Australia’s cruise industry is feeling hopeful this week, despite the country’s cruise ban having been extended once again.
Health Minister Greg Hunt extended the human biosecurity period for another two months on Friday, meaning cruise vessels will continue to be banned from Australian waters until at least 17 April 2022.
According to Hunt, there was an agreement at National Cabinet that the Commonwealth, NSW, Victoria and Queensland agreed to work with the industry to implement new protocols to enable the resumption of cruising over the coming months.
“The Commonwealth can remove the restrictions on cruising as soon as it is advised that it is safe to do so and the Minister will regularly review this advice,” he said.
Joel Katz, Cruise Lines International Association (CLIA)’s regional managing director, said he welcomed government commitments to engage with industry for careful resumption of operations and has called for concrete plans to be finalized as soon as possible.
Katz said it was hoped the extension of the cruise ban would be the last before international cruise ships can return to Australia.
“Though the cruise ban has been extended, we can now see hope for thousands of Australians whose livelihoods depend on cruise tourism,” Katz said.
“Australia is still the only major cruise market in the world without confirmed plans for cruising’s resumption, so it’s important that governments work in partnership with the cruise industry to achieve a swift solution.”
Katz said millions of people had sailed successfully in dozens of other countries where cruising had already resumed, with health protocols in place.
“Most cruise lines have cancelled sailings through to the end of May and it will take several months to prepare ships for their return, so we need governments to sign off on industry protocols as soon as possible so we can begin a careful and responsible revival of cruise tourism in Australia,” he said.
The extension of the human biosecurity period was informed by specialist medical and epidemiological advice provided by the Australian Health Protection Principal Committee (AHPPC) and the Commonwealth Chief Medical Officer.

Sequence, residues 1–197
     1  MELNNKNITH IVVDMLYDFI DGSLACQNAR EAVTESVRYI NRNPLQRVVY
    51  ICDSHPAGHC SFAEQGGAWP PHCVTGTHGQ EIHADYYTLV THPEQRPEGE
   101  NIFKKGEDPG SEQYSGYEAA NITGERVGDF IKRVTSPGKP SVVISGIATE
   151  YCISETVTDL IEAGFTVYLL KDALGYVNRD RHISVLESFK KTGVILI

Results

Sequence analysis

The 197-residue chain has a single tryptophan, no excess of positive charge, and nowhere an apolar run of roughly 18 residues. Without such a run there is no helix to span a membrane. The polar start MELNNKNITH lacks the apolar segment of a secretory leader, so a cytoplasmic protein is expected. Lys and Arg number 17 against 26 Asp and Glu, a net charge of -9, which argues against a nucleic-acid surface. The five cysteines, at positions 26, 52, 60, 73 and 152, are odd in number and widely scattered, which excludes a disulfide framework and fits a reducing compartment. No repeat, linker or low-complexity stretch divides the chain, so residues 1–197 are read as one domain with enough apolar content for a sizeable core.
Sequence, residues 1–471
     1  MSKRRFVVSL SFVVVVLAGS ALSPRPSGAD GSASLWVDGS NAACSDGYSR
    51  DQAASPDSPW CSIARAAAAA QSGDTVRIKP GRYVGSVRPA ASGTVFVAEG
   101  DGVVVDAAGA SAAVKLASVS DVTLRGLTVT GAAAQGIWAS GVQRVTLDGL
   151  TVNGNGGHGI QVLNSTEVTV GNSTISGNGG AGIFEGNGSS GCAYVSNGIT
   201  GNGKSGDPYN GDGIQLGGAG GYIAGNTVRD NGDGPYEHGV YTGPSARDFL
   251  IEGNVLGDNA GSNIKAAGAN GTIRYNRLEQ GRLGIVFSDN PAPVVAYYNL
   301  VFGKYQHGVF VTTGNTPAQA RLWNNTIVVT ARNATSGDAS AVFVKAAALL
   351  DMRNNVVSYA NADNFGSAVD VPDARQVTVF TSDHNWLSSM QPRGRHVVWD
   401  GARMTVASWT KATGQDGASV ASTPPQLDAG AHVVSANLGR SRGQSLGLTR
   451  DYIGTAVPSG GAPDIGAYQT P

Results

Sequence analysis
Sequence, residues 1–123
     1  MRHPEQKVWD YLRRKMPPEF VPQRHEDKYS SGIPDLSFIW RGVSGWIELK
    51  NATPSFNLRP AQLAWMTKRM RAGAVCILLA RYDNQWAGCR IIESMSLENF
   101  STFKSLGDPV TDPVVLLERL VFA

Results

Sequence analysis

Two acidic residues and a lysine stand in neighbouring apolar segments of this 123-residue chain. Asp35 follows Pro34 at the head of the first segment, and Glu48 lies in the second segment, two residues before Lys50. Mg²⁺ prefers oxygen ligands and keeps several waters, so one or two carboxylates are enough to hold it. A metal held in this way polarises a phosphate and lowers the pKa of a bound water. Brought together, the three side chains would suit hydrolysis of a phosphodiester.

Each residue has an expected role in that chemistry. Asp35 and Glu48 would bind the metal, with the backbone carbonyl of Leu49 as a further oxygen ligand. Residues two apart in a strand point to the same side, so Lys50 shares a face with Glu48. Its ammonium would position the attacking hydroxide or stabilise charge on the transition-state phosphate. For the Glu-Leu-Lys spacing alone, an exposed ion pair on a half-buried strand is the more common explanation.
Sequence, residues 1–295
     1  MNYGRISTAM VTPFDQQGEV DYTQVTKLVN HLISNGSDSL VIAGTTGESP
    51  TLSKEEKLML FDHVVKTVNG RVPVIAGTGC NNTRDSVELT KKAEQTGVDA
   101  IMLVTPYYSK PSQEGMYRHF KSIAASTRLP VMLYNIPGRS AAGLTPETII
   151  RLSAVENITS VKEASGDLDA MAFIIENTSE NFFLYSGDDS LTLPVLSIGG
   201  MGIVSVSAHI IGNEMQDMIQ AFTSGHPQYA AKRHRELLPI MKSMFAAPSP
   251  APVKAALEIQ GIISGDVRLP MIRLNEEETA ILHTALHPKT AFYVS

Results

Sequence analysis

The AHPPC has also advised the current wave of Omicron cases in Australia warrants a further extension of the emergency period.
The news means the five existing emergency requirements, including mandatory masks on international flights, restrictions on outbound travel for unvaccinated Australians, restrictions to protect remote regions, measures to prevent price gouging on RAT tests and restrictions on the entry of cruise vessels into and within Australian territory will remain in place until 17 April.
However, they may be revoked beforehand if the health advice changes noting the peak of the Omicron wave appears to have passed whilst there are still areas of concern and planning is occurring to manage any increase during winter.
Restrictions on cruise ships entering Australian waters have been in place since 18 March 2020.
“These emergency requirements have helped Australia respond quickly to manage the number of inbound and outbound travellers, reduce the risk of COVID-19 spreading on flights and at international airports in Australia, further manage the number of cases in quarantine facilities, and ensure the accessibility and affordability of rapid antigen test kits,” Hunt said.
“It is important that the human biosecurity emergency period remains in place to ensure the appropriate legislative powers are available to the Australian Government during Omicron outbreaks, as well as to protect vulnerable communities in Australia.
“The emergency requirements will be reviewed regularly to consider the latest medical advice.”
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